Sequence Stratigraphic Setting and Reservoir Compartmentalization of Leonardian Oolitic Basin-Floor Fan Complexes, Midland Basin, TX
Jason L. Clayton
Jackson School of Geosciences University of Texas at Austin [email protected]
The Happy Spraberry Field is a Leonardian- toe-of-slope reservoir located in the northeastern corner of the Midland Basin. A dataset composed of 15 cored wells totaling 400 m of section, over 400 km2 of high-quality 3D seismic, 300 well logs, and extensive engineering data, makes Happy one of the best sampled deepwater carbonate reservoirs in the Permian Basin and perhaps the world. This dataset shows that complex stages of deposition and erosion create strong internal compartmentalization and a distinct discontinuous along-strike exploration play.
The reservoir interval is located within an early transgressive systems tract of the 4th or 5th composite sequence of the Leonardian stage of the Permian. The main reservoir facies is massive skeletal-peloidal-oolitic grainstone deposited by hyperconcentrated turbidity flows. Skeletal-peloidal packstones and reef-margin-derived megabreccia/ debris flows are subordinate reservoir facies. The most volumetrically abundant facies is mm-laminated/ rippled mixed siliciclastic turbidites with common soft sediment deformation. A hemipelagic silty shale forms the top seal and base of the reservoir interval.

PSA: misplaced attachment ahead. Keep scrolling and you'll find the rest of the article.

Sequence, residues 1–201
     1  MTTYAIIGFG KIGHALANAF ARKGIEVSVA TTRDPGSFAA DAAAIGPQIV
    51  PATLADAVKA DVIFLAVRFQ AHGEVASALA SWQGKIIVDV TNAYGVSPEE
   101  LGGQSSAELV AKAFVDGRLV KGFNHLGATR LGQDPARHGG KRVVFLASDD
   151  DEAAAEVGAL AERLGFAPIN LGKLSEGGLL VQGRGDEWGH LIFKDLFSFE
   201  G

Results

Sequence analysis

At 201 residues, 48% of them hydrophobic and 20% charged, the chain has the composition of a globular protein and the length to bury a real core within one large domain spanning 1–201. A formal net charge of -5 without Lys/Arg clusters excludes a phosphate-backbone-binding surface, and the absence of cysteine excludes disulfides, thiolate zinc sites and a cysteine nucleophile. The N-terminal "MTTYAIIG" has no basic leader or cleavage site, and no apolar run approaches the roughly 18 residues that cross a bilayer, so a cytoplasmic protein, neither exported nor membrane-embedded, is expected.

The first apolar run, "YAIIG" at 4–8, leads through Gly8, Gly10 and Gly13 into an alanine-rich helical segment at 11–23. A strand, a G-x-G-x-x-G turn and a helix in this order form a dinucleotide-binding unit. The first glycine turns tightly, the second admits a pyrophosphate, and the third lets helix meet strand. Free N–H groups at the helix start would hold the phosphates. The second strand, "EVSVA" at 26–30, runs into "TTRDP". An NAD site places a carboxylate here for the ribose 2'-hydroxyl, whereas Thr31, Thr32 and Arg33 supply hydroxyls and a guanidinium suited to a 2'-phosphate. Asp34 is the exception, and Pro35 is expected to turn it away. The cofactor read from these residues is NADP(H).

Seismic and well-log-based cross sections document the complex mounded geometry of stacked ooid grainstones cut by younger siltstone- and megabreccia-filled channels. This oolitic basin-floor fan accumulated preferentially within a paleotopographic low, with the thickest areas often corresponding to the younger fan-dissecting channels.
The general sequence of events includes: shelf margin failure, deposition of megabreccias in paleo-topographic lows along the slope, ooid shoal formation in the re-entrant of the shelf margin and transport downslope on top of the previously deposited megabreccias, then later dissection by younger turbidites and debris flows.
AAPG Search and Discovery Article #90070 © 2007 AAPG Foundation Grants in Aid